For that reason alone, training your pecs is key to being a successful powerlifter at any level.
Related Article: What Else Should I Do On Chest Day? (4 Examples)
4. Improve the Flat-Back Bench Press
While most powerlifters utilize the “arched back position” when benching, training your pecs will allow you to generate more strength in a flat-back position if that’s your preferred style of benching.
Let’s talk about the arch. Yes, it’s true that the arch in your back when you bench press is a strategic move to reduce the range of motion required to touch the barbell to your chest.
But I get it, not everyone has the mobility or preference to bench with an arch in their back. You might even be the type to say an “arch is dumb” and you want to show the world you can bench with a flat back.
If this is you, strong pecs are all the more important, because you have to bring the bar a few inches lower than your peers who have an arch and can reduce that distance from the bottom to the top of the press.
There’s nothing wrong with benching on a flat back, but know what the advantages and disadvantages are of the position. One of the big disadvantages is it requires greater pec strength.
Check out my article on Can You Train Back And Chest Together?
5. Strengthen the Wide-Grip Bench Press
The maximum you can grip the barbell in a competition bench press is 81cm apart. This is considered a “wide grip”, and the wider you grip the bar, the stronger your pecs needs to be.
Lifters can grab the bar in a variety of ways. Some have a standard, shoulder-width grip. Others prefer a more narrow grip with their hands closer together, and others still prefer a very wide grip with their hands further apart on the barbell.
If you are a lifter who prefers a wide grip, then extra pec work will be key to progressing your bench.
The wide grip position activates your pecs far more than a neutral or narrow grip, so a stronger chest is required to pull it off (or should I say push it off?) successfully.
To learn more about the wide grip bench press, check out my complete guide.
Tips For Training Chest For Powerlifting
So now that you know more chest work is valuable and needed to improve your bench, you might still be scratching your head about how to approach it and add it into your program. We’ve put together a few tips to make it easier for you.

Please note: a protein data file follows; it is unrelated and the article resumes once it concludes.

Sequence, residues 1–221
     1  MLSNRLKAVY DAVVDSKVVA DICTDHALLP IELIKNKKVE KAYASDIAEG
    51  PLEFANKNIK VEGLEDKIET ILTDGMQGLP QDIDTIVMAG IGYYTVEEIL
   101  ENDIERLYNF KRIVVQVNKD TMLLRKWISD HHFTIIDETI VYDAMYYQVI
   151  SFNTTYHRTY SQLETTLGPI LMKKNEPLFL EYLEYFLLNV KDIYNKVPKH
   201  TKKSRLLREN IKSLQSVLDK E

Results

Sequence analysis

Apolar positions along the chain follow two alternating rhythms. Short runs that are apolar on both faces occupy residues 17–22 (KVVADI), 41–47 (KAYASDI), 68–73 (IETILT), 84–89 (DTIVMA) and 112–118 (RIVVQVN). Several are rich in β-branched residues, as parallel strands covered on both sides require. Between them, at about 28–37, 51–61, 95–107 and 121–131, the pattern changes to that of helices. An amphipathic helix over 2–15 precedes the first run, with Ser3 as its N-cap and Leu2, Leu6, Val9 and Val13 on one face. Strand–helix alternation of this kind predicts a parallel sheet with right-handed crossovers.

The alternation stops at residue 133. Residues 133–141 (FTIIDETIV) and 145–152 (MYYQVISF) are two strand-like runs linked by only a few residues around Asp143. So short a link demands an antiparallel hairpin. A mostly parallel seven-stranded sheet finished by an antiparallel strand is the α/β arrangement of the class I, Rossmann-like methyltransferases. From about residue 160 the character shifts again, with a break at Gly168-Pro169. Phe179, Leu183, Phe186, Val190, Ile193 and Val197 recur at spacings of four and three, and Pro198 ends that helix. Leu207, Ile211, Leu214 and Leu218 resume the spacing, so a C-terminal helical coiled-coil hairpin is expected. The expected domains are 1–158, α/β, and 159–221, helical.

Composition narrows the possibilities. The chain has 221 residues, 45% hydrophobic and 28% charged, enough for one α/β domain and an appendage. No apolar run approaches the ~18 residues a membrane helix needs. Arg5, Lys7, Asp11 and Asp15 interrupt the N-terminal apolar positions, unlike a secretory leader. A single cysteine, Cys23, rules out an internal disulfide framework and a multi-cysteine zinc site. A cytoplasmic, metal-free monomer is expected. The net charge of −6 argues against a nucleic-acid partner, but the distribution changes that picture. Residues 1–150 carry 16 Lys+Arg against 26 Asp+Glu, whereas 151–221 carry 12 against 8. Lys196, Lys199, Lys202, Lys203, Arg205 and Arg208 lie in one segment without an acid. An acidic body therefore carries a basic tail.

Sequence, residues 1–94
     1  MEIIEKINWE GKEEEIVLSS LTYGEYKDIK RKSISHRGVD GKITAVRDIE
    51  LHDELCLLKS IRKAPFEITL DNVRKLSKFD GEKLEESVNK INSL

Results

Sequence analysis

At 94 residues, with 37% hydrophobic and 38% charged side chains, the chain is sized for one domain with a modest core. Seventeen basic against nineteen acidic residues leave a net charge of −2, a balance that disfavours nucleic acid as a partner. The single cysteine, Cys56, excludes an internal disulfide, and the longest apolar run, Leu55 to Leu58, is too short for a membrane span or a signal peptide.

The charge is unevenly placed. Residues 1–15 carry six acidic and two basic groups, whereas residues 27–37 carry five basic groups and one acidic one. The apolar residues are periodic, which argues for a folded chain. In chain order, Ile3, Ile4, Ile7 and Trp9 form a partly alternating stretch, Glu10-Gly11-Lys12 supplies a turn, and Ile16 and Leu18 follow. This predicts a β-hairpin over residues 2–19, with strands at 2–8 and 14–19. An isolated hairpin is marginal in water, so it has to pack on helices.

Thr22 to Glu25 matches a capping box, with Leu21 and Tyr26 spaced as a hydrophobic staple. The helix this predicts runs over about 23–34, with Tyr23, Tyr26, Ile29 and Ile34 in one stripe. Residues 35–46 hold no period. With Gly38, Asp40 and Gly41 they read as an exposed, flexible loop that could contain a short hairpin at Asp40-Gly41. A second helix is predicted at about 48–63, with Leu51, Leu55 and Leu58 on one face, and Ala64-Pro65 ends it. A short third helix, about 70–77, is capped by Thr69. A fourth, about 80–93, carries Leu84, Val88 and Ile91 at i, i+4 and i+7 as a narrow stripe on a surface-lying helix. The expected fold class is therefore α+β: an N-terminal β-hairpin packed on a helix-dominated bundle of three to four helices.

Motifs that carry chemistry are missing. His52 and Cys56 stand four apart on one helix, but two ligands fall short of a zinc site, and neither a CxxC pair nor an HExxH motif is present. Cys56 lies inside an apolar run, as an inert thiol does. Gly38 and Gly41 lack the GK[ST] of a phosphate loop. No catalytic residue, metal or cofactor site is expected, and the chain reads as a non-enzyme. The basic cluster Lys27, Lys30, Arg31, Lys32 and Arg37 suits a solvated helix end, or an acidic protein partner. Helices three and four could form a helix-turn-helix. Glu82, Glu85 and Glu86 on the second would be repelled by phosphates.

Stop and think about the chest exercise you are adding to your program for the day, week, or training block. What muscle groups are also engaged in that exercise?
As much as possible, select exercises that use the same muscle group as the bench press, or focus on isolating individual muscles used in the bench press.
As we’ve said before, there are some great pec exercises for bodybuilders that won’t do nearly as much for the powerlifter in terms of improving your max bench press.
Type of Exercise
Think again about the chest exercises you want to start incorporating into your program. Is it training your pecs for strength, or for growth?
Best chest exercises for strength:
- Barbell Bench Press
- Paused Bench Press
- Wide Grip Bench Press
- Negative Tempo Bench Press
- Isometric Bench Press
- Reverse Band Bench Press
- Dumbbell Bench Press
- Paused Dumbbell Bench Press
- Negative Tempo Dumbbell Bench Press
- All of the above on an incline bench
When using the exercises above to train strength, they’ll have the most immediate results for your bench press, as they are very similar to the bench press itself, or have a similar pressing motion, and use the same muscle groups.
Best chest exercises for hypertrophy:
- Dumbbell Flyes
- Cable flyes/Cable Crossovers
- Decline Bench Press
- Decline Dumbbell Bench Press
- Dumbbell Chest Scoop/Raise
- Dips (leaning forward) or dip alternative
- Plate Pinch Press
Looking for chest exercises that you can do standing up? Check out my article on the 12 Best Standing Chest Exercises.
When using the exercises above for hypertrophy, the goal is to keep the tension on the muscle for the entire ROM of the movement. This is also the reason high reps are necessary – to increase the amount of time the muscle is under tension.
For this reason, negative tempo chest exercises can also be categorized as hypertrophy exercises.
Again, these exercises may not have an immediate transfer to your bench press, but they are absolutely building more muscle that you’ll be able to rely on and utilize in the long term.
Whatever you do, be cognizant of what type of exercise it is and how/why it will help you reach your goals.
Typically these movements are done with higher reps. Take a look at my article on the Benefits of High Rep Bench Press, specifically how it relates to powerlifting training.
I had a mentor when I was young tell me that “practice makes perfect” was bogus, but “perfect practice makes perfect” was absolute truth. The same goes for technique in our powerlifting training.
Check out our bench press technique category on our site to learn how to maximize your individual leverages and break through plateaus in strength.
The better your technique when training your chest, the better results you’ll get from it.
Most powerlifters will have a strength-based chest workout, which includes a heavy bench press, and often a second day of the week when they train their chest with a lighter/more dynamic effort, or accessory movements to support the bench press and the muscle groups needed for it.